To speak of the crime of “Breathing While Homeless” is no joke any more—not that it ever was. In the late 1880s, singly and in groups, thousands of jobless, impoverished people roamed the countryside. The homeless wanderers were called tramps, and in Wisconsin Death Trip, Michael Lesy quotes a local newspaper’s report on what happened when 250 tramps approached the settlement. “They were marched to the river, made to wash themselves, given something to eat, and rushed out of town.” That can be looked at as an unconscionable violation of Americans’ rights, or as a relatively benign intervention.
On the other hand, what were the untold stories? Scores of people were herded to the river and—what? Made to strip down and wash their clothes by pounding them with rocks? Or were they forced to just wade into the river in what they wore, regardless of the ambient temperature, their state of health, the precious identity papers and photos they might have held onto…There is a lot we don’t know. At least the tramps were fed, but again, we don’t know exactly what that means.
Anyway, such an incident could provide opportunity for many kinds of abuse and even assault. It would not occur to the news editor to mention it, because everyone would assume it was business as usual. Nothing to see here, folks, so move on. Does our romanticized view of the country’s past throw a rosy glow over atrocities?
The point is that America has never rewarded those who just can’t make it. Adding insult to injury, the people who most despise the homeless are, often, the very ones who caused the dire and desperate financial conditions against which the rest of us struggle. Because the misery is so widespread, many journalists have done stories about its manifold aspects. In so many places it is either de jure or de facto illegal to sit, sleep, eat, or eliminate. But people have to do those things. This is the basis of the currently controversial Bell v. City of Boise legal case. A judge once said you can’t punish people for what people can’t help doing. The Justice Department, which appears to have sat mute on this question for a couple of decades, has decided to take an interest. Change may come. Only last month, Alan Pyke wrote:
Any community that makes homelessness illegal may soon find it harder to obtain Department of Housing and Urban Development (HUD) funding for building shelters and staffing outreach positions.
The criminalization of homelessness enriches certain industries and provides better employment opportunities for certain workers (like police and prison guards). For a person experiencing homelessness, every encounter with law enforcement is potentially lethal. When a community legislates against non-violent non-crimes like sitting on the sidewalk, the frequency of interaction goes up, and so does the fatality rate. Listen to what Allen Arthur said, also last month:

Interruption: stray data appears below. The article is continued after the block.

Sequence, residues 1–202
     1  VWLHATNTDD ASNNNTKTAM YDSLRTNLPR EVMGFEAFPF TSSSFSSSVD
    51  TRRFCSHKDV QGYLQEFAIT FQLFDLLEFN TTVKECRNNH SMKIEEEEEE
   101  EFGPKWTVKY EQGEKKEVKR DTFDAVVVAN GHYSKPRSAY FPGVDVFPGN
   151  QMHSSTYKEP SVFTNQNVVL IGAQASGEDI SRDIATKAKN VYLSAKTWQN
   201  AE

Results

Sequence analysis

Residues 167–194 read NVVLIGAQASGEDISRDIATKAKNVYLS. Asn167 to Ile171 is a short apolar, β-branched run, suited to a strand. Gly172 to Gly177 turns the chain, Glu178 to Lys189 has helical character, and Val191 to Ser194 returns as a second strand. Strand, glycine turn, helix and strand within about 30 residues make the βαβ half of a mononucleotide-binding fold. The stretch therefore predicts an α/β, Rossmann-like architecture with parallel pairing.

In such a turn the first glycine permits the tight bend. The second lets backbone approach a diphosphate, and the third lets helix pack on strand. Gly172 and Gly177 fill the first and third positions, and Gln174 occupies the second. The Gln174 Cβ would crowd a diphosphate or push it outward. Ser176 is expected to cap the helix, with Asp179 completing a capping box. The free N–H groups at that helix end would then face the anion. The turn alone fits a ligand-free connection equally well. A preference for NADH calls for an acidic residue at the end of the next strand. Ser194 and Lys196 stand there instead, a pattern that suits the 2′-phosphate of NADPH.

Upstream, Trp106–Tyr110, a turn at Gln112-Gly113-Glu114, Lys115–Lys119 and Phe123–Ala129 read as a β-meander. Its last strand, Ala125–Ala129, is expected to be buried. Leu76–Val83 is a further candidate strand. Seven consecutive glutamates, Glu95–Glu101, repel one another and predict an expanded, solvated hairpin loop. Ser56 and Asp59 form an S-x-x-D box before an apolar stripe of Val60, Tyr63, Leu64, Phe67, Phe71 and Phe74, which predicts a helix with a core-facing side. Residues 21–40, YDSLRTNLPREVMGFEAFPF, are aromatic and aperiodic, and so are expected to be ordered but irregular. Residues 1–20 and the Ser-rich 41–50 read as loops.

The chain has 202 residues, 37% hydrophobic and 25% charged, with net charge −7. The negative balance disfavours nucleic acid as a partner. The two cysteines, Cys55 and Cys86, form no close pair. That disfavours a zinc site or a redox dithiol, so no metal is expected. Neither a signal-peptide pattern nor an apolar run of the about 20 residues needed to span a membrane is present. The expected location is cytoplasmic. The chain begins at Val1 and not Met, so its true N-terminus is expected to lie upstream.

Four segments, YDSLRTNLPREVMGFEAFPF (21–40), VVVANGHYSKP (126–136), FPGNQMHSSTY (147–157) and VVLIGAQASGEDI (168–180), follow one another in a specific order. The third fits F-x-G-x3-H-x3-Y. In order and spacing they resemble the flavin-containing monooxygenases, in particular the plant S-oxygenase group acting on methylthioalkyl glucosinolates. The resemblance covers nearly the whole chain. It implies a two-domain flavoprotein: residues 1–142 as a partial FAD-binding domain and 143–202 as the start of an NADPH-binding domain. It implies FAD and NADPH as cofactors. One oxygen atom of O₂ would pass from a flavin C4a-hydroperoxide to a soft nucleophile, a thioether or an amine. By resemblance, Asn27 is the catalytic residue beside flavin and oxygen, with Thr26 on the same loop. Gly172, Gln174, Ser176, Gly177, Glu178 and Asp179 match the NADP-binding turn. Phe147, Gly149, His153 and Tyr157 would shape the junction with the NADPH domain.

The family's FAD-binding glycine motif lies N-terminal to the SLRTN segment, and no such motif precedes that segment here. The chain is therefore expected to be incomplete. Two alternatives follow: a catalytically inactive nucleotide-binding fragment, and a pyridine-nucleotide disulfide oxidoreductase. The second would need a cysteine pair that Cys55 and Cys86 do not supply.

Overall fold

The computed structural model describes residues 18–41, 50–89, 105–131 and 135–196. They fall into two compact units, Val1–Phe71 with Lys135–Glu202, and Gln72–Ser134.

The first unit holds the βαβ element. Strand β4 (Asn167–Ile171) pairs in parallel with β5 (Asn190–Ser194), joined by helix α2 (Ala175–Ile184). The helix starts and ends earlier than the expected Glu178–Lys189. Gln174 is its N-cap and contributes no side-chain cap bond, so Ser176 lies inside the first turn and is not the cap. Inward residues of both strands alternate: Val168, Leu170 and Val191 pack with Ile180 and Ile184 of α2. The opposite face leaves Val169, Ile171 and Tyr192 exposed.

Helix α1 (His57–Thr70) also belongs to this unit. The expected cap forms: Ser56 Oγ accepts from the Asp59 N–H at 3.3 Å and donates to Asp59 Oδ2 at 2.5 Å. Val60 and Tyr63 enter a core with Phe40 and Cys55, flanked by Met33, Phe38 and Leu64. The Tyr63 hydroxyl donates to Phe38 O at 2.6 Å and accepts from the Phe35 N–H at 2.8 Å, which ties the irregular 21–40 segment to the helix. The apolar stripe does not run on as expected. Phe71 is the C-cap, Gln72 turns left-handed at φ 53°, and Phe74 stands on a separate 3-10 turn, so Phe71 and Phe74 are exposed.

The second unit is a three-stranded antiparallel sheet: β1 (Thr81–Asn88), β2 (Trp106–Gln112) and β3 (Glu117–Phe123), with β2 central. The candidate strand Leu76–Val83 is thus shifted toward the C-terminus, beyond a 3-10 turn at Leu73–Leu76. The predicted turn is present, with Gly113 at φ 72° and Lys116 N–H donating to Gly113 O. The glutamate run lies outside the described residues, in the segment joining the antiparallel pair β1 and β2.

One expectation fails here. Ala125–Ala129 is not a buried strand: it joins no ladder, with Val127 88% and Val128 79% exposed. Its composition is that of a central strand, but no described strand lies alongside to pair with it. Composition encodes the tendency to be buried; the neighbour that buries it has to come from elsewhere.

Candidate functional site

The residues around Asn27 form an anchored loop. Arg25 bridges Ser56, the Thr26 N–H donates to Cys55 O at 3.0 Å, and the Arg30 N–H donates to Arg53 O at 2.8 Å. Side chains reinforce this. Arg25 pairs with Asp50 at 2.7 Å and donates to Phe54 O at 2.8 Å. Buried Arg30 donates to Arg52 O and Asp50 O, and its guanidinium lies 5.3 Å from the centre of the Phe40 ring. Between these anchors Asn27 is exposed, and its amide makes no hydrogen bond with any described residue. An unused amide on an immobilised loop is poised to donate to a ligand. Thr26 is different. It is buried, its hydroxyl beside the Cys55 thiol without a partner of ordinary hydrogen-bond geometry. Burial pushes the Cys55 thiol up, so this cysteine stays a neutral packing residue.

Nearly a third of those living in New York City homeless shelters are employed—at jobs that obviously don’t pay them enough to afford rent….Around 12 percent of homeless are veterans –their job deified when wartime profits call, but left for dead in the streets when their usefulness is exhausted…Both politically and economically, for the ruling class, the problem is more profitable than the solution.
Arthur has a great deal more to say, and does it clearly. He points out that 18 million housing units are empty in the United States. Some critics would wander off into the woods, arguing the exact amount of theoretically liveable space, or why it shouldn’t be lived in anyway. This writer breaks it down for us in terms of exactly who has benefited from the impoverished and homeless condition in which so many Americans find themselves. We can’t say “jobless” because today’s homeless and inadequately housed people are unlike those displaced people who entered and exited a Wisconsin town so long ago. Today, many of the people experiencing homelessness are working, and even working full-time. Richard R. Troxell of House the Homeless says:
For me, the issue is simple. If someone is prevented from pursuing a basic act of survival, then the fault lies with the entity that is disrupting the individual’s ability to survive unimpeded, be it another individual, a government, a system or a community.
Thanks to Richard and many, many other hard-working and highly-principled people, the city of Austin has been, in some areas, a pioneer. Please do visit “No Sit/No Lie: Troxell’s Testimony,” or one of our several other posts about this hot-button topic.
Source: “ Wisconsin Death Trip”
Source: “Local Officials Have Pushed To Criminalize Homelessness For Years. The Feds Are Starting To Push Back,” ThinkProgress.org, 08/18/15
Source: “Homelessness is the crime, not the homeless,” SocialistWorker.org, 08/09/15
Image by Christiaan Triebert